The Government's argument here is that its motion for a directed verdict should have been granted and that the instruction just quoted is erroneous. It says that appellee "cannot have sold his land for more than $1,353.01. That amount therefore, was market value"; further, that an award for a greater amount would give appellee more than the land was worth.
It is apparent that the owner's prospect of selling his land was only one element going to make up the value which must be considered here. The real question is, what is the "just compensation" to which he is entitled? It is true that the right to sell has been so strictly limited that actually a sale within the five years is most unlikely. But there was no restriction upon the use which the owner might make of the land. That use was not confined to the land as raw land. At the date of taking, March 15, 1951, the owner could expect its use as irrigated land in 1954 and thereafter.6 This fact cannot be ignored if the court is to fix just compensation in relation to "value in view of all available uses",7 or its value for the "most advantageous uses to which it may be applied."8
It is true that ordinarily value is arrived at by a determination of "market value", or of "fair market value". But there are exceptional cases in which market value could not be used as a test of "just compensation".9 As stated in United States v. Miller, 317 U.S. 369, 374, 63 S.Ct. 276, 280, 87 L.Ed. 336, "Where, for any reason, property has no market resort must be had to other data to ascertain its value; * * *."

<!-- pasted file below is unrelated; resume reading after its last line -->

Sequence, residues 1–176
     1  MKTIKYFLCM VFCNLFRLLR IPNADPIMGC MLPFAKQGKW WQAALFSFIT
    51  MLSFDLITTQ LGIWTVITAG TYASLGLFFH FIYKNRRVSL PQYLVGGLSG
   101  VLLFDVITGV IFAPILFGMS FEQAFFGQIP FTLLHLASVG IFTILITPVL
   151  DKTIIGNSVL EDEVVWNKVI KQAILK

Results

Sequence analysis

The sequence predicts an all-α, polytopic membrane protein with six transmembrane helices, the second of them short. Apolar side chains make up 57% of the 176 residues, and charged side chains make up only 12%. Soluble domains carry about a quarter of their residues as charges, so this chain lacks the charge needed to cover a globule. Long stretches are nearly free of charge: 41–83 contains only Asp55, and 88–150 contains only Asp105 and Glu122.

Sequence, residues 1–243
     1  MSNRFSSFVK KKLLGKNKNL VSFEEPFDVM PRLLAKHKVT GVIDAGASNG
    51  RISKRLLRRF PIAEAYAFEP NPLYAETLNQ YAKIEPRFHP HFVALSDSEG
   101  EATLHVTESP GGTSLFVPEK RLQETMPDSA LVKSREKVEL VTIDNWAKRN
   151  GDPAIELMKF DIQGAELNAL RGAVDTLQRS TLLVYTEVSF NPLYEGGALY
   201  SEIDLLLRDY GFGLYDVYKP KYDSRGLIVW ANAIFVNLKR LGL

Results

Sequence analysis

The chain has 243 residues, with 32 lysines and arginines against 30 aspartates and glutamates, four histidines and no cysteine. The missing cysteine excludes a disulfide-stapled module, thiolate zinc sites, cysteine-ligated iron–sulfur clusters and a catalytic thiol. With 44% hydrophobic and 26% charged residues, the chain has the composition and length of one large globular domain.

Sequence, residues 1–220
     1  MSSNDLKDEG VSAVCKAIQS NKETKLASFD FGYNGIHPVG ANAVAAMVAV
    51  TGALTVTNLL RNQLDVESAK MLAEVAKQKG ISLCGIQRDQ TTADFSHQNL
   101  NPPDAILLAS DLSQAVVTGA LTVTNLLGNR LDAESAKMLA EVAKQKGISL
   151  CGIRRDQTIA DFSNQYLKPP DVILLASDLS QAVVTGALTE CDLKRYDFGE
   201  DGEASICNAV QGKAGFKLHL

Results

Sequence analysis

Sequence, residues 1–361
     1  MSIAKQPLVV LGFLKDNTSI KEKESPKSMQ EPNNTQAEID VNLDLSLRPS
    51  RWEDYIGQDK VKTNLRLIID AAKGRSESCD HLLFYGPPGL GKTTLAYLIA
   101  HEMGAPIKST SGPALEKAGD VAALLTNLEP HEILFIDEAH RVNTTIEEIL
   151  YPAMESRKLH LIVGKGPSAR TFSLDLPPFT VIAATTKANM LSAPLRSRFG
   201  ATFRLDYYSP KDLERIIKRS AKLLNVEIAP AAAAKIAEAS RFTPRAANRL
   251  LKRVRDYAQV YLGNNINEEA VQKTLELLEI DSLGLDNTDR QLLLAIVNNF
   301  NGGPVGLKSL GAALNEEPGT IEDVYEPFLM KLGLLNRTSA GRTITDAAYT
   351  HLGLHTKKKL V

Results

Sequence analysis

We think that the correct principle to be applied here is that stated in Westchester County Parks Commission v. United States, 2 Cir., 143 F.2d 688. In that case the land taken was owned by the County and under the supervision and control of the County Park Commissioner. At the time of the taking the County lacked any power or authority to sell the land. However, the court said, 143 F.2d at page 692: "Nor is it relevant that the County, without authorization by the State, could not sell; we must regard the situation as if it could, as if the property were being voluntarily sold by a seller free to do so." And in discussing the application of the concept of market value to a situation of that kind, Judge Frank, speaking for the court, used language which we think is particularly applicable here. He said 143 F.2d at pages 691-692: "Under the Fifth Amendment, the owner of land taken by condemnation is entitled to `just compensation.' The key notion is indemnity, measured in money, for the owner's loss of the condemned property. In an effort to definitize this notion, it has been said that it requires the payment of a sum equal to the `value' of the property taken. But if `just compensation' is a baffling indefinite concept, `value' is no less so. To mouth it is not to answer but to ask a question. In the condemnation cases, the courts, trying to contrive a practical standard, have adopted the concept of `market value', i. e., what it fairly may be believed a willing buyer (one not forced to buy) would, in fair market conditions, have given to a willing seller (one not forced to sell). As Orgel suggests, `The reference is not to actual buyers and sellers, but to hypothetical vendors and vendees of a vaguely described state of mind, and these phantom personalities constitute perhaps the most puzzling element in any attempted elucidation of the Court's concept of "fair market value" * * * The concept * * *, like the standards of reasonableness that are common in other branches of the law, * * * derives a large measure of its usefulness from this very vagueness, for it enables the court to adjust the rigid rules of law to the requirements of justice and indemnity in each particular case.'"